Academics, Activists Talk Network Neutrality At FCC Workshop

Bob Corn-Revere, Jack Balkin among those speaking

Veteran communications attorney Bob Corn-Revere faced off against a panel of network neutrality regulation fans at the FCC's first workshop on the effects of the FCC's proposed expansion and codification of network neutrality guidelines.

In effect it was seven against one as academics, network neutrality activists and independent content creators targeting minority audiences talked about the need for the regs to keep deep-pocketed industry gatekeepers from blocking speech or pricing it out of the reach of the next big innovation.

Corn-Revere said that, as far as he was concerned, there was more danger from government trying to regulate in the Internet space than from letting marketplace forces govern it, which is what he said had helped facilitate some of the vibrant speech represented by his fellow panelists.

As an example of the problems of government regulation of communication, he pointed to the long-standing prohibition on telcos delivering video services.

He said that imposing new regs would be working in the opposite directions of court decisions that viewed regulation as a threat to the open internet, particularly targeting perceived future harms. He said that the question now, as technology continues to change, is whether a hands-off approach or new regs would be better. He clearly sided with the former, but it was all hands on deck for the other side of the argument.

Hardly was heard a discouraging word among a chorus of proponents of network neutrality regulation who shared the workshop panel. He even briefly had to fight a fire alarm that appeared to go off in the background, though moderator Stuart Benjamin said he could have an extra 30 seconds if he needed it.

Yale Law School Professor Jack Balkin, said that the First Amendment is all about participation, which is the Internet's "gift to mankind." But he said that participation means little if you have to get permission. He said the net is a way to "route around network gatekeepers." Network neutrality regs, he argued, are necessary to preserve that gift of participation from private entities whose natural tendency is to favor their own business interests and shareholders.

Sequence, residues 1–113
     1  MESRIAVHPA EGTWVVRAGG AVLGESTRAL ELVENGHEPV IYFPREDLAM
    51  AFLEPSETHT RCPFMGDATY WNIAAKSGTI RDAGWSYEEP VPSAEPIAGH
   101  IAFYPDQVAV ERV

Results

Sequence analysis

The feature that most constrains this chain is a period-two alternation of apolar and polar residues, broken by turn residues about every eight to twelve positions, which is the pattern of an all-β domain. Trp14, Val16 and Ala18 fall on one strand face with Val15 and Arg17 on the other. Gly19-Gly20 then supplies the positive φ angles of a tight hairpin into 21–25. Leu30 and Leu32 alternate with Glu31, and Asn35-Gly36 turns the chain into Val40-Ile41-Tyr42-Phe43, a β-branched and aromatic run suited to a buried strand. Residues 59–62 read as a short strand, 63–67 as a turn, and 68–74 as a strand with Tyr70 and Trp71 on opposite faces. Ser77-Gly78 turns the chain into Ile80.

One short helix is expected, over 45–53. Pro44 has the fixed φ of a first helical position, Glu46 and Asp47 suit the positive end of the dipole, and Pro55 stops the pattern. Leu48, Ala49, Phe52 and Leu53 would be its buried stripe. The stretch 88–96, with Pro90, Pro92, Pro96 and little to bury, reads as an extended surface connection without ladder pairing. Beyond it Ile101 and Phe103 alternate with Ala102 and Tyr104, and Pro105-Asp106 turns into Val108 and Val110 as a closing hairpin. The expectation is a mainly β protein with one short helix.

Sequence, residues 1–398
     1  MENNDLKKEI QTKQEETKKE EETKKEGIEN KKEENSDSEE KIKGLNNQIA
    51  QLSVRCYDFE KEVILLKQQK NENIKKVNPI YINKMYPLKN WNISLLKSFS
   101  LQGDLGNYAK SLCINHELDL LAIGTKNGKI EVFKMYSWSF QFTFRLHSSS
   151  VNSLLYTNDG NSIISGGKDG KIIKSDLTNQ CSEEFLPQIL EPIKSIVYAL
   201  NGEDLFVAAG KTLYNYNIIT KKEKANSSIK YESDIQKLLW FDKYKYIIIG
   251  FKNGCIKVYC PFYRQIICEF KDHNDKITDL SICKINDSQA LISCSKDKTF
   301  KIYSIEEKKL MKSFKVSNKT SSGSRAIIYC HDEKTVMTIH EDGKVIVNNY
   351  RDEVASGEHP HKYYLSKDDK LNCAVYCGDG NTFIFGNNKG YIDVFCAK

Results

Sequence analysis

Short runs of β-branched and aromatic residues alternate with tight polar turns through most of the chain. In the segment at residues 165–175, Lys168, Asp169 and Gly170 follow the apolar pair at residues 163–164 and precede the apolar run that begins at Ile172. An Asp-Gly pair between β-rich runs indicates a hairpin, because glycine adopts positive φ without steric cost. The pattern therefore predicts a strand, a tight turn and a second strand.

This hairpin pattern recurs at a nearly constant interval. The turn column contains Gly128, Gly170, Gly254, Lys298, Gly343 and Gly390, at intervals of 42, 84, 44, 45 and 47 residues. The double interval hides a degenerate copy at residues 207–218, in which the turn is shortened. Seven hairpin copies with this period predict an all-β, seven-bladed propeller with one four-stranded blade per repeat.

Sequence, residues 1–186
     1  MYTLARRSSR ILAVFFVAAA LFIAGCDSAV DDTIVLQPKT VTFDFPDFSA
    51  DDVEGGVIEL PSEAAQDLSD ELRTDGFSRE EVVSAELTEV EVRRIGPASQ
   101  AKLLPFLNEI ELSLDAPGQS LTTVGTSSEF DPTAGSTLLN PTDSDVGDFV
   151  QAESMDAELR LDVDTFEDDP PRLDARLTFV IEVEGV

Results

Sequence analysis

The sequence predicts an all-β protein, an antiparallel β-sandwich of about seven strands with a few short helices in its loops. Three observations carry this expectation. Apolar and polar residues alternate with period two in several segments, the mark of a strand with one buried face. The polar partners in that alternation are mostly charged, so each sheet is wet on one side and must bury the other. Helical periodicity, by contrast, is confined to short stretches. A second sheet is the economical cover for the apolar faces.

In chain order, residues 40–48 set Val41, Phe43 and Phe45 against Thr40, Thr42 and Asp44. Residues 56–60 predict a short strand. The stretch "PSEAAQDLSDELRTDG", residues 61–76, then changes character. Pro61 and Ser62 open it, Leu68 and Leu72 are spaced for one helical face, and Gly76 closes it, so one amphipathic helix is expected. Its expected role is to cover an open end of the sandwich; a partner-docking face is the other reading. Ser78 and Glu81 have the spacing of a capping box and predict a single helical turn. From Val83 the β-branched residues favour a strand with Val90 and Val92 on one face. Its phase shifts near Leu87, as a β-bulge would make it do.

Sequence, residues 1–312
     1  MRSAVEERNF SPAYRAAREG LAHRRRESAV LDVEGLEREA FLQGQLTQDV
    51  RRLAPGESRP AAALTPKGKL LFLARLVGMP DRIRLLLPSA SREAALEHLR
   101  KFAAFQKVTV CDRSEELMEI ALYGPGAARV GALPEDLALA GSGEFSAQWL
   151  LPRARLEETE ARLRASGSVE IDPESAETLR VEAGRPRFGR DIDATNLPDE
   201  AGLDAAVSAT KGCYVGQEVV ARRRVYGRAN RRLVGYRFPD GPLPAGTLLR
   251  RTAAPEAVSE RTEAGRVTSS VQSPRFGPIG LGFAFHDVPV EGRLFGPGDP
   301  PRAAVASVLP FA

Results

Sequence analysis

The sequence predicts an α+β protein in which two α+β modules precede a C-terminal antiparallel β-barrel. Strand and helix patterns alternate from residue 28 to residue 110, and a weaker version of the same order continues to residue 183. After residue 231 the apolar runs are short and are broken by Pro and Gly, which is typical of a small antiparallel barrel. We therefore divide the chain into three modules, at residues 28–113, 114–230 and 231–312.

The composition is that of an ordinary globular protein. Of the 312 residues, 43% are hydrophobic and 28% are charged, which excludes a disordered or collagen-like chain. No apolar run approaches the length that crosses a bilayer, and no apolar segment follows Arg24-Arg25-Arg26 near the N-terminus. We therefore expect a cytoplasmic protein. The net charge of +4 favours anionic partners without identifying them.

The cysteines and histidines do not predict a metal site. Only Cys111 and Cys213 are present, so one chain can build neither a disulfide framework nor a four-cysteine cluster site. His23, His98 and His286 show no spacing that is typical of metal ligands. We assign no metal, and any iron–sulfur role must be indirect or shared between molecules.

He was seconded by Andrew Schwartzman of Media Access Project, who suggested the harms were neither perceived or future. He cited several examples, including Verizon blocking an anti-abortion message and Comcast impeding BitTorrent traffic among those examples. As to their only being a few examples, he said what is known is only the tip of the iceberg, that it will become increasingly difficult to uncover those instances, and that the "greatest danger" is from what blockages we have not known about and do not now know about.

Joining in support of net neutrality regs were Michele Combs of the Christian Coalition; Glenn Reynolds, Instapundit blog; Jonathan Moore, of minority-targeted online site Rowdy Orbit; Ruth Livier, writer and online content producer' and Garlin Gilchrist of the Center for Community Change.

Benjamin is the FCC's new, and newly controversial, Distinguished Scholar in residence. And while he was getting harsh criticism from one legislator on Capitol Hill Tuesday, he was being welcomed---it was his first day--by both Republican and Democratic members of the commission on hand for the workshop.